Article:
Oh, and don't forget to tell them how I listen to you ..."
Ever since someone whose name you'd never heard until last week pointed out that Ann Romney's never worked—something, by the way, that Ann has said about herself—the Romney campaign has tried like H-E-double-hockey-sticks to use this non-issue to score lady points. It's not the Republicans who are waging war on women; oh no, it's President Obama and the Democrats, with Ann Romney as the most aggrieved victim.
And it doesn't help that when yukking it up privately with their richest donors, Ann explained just how "offended" she really was:
"It was my early birthday present for someone to be critical of me as a mother," [Ann] said. "That was a really defining moment, and I loved it."It's hard to portray yourself as the sympathetic victim in all this when you're secretly loving it because you think it gives you an opening to exploit some manufactured outrage.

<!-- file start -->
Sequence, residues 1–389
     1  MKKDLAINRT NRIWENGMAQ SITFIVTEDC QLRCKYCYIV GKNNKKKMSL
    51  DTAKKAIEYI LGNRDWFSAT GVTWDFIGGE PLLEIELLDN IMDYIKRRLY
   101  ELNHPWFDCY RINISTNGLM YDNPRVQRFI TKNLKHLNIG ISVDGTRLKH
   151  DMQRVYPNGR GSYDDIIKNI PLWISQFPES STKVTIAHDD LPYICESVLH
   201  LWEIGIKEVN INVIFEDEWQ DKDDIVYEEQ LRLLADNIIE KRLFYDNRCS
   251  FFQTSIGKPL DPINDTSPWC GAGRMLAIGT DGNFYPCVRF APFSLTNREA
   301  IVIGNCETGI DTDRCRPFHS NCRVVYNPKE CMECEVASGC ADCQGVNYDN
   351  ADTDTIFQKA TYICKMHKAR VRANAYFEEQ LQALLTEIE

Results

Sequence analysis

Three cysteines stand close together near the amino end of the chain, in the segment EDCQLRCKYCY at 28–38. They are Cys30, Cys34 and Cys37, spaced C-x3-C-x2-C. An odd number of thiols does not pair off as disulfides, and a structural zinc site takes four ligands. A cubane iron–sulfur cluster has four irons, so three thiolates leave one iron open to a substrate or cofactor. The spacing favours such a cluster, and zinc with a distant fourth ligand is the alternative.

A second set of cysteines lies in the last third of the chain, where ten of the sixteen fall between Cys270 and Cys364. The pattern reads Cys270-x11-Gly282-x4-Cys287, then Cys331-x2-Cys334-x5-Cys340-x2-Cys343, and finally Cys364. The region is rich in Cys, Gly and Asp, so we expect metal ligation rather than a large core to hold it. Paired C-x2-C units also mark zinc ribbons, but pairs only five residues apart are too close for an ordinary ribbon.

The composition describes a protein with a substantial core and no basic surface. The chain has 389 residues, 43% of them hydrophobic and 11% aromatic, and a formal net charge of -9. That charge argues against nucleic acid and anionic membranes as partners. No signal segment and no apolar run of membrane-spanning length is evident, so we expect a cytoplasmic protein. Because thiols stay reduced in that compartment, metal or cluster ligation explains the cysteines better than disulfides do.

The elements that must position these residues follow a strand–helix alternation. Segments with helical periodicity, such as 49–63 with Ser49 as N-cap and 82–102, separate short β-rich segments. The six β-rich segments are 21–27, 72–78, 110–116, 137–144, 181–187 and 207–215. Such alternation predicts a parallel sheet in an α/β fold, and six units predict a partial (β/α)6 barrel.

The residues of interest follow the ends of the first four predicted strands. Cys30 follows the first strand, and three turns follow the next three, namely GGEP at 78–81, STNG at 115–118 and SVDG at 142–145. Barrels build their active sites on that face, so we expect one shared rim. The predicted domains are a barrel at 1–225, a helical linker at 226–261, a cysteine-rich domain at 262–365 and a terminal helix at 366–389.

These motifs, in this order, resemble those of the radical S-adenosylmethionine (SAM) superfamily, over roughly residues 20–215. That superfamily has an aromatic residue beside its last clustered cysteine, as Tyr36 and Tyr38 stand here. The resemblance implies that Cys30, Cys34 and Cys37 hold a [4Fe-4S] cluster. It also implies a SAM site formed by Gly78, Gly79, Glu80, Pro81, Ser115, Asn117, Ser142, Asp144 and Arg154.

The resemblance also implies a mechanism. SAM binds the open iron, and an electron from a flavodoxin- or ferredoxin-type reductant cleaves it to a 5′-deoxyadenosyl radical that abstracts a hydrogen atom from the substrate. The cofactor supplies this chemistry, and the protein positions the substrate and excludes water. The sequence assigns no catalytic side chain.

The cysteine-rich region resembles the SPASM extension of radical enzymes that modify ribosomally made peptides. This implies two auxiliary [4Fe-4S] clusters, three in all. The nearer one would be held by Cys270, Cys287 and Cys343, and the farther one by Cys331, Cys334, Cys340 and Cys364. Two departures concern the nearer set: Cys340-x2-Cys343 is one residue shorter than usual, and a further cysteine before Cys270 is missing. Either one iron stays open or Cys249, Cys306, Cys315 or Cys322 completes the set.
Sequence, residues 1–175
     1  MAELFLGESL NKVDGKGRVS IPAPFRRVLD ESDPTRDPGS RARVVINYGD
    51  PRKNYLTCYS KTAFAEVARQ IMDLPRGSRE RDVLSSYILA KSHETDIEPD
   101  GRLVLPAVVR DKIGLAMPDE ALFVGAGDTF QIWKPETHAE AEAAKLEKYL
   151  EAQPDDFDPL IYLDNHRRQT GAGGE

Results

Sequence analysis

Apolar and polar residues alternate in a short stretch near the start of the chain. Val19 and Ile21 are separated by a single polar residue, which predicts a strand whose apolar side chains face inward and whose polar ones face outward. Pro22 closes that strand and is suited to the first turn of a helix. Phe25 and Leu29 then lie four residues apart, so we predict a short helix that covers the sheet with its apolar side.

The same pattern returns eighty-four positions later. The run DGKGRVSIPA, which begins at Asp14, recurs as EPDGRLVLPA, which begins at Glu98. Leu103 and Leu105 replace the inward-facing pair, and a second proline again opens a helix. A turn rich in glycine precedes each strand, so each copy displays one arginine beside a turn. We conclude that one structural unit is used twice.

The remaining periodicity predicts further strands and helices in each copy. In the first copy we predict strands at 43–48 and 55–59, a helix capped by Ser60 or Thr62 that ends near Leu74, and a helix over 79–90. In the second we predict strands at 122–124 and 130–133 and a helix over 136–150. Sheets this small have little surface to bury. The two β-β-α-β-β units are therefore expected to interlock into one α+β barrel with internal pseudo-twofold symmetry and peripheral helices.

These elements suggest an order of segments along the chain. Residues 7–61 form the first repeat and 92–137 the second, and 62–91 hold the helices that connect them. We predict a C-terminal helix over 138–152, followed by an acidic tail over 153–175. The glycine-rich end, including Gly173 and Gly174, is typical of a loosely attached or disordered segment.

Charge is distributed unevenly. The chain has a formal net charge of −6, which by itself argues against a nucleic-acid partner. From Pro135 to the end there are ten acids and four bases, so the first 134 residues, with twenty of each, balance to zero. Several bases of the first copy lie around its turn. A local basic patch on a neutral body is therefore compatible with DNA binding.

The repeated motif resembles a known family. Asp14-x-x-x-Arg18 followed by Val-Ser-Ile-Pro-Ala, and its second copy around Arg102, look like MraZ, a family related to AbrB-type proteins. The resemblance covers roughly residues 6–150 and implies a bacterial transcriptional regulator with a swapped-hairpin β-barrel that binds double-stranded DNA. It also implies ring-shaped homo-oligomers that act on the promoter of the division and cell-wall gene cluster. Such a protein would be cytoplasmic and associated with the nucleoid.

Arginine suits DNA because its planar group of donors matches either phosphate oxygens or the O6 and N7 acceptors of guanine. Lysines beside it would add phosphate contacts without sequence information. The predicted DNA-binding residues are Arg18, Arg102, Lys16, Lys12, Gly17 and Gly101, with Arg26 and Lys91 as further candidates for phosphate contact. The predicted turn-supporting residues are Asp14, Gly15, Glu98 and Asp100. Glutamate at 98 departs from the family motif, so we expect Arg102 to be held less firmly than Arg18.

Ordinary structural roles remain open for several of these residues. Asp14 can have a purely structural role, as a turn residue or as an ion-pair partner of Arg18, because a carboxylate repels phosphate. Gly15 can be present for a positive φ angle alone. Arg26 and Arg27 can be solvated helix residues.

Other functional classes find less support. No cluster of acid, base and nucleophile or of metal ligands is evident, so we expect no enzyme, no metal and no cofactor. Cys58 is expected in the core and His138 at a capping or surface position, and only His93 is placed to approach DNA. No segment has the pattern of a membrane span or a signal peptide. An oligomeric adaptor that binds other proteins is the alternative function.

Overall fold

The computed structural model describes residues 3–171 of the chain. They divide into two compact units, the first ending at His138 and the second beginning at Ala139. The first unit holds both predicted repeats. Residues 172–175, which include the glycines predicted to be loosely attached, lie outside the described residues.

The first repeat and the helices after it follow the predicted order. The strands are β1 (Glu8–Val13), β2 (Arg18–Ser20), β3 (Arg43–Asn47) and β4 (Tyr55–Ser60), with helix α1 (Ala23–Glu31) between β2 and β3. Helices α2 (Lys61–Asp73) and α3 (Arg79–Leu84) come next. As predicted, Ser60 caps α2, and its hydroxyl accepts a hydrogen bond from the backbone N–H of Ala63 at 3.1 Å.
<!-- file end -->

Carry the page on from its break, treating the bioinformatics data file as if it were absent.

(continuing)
So Ann did what her husband does: she shook the Etch A Sketch and offered up a new spin in an interview with Diane Sawyer:
"That wasn't how I meant it," Romney told Sawyer, referring to the idea that the "present" in question was the ensuing backlash to Rosen's comments. "It was a birthday gift to me because I love the fact that we're talking about this. ... I love the fact that women are talking about deficit spending and the economy, I love that."Sure, Ann. Okay. When you said in private that you love that someone attacked you for being a mother, what you meant was that you love we're having a national conversation about deficit spending? And thank god someone said something about you because women wouldn't be discussing the economy otherwise?
The Romneys can try to exploit and spin it however they want, but the truth is, no one's buying the "outrage" they're trying to sell. Especially not women:
Go ahead, Mr. and Mrs. Romney. Spin that.Thinking about the following characteristics and qualities, please say whether you think each one applies more to Barack Obama or more to Mitt Romney: Is in touch with the problems facing women today?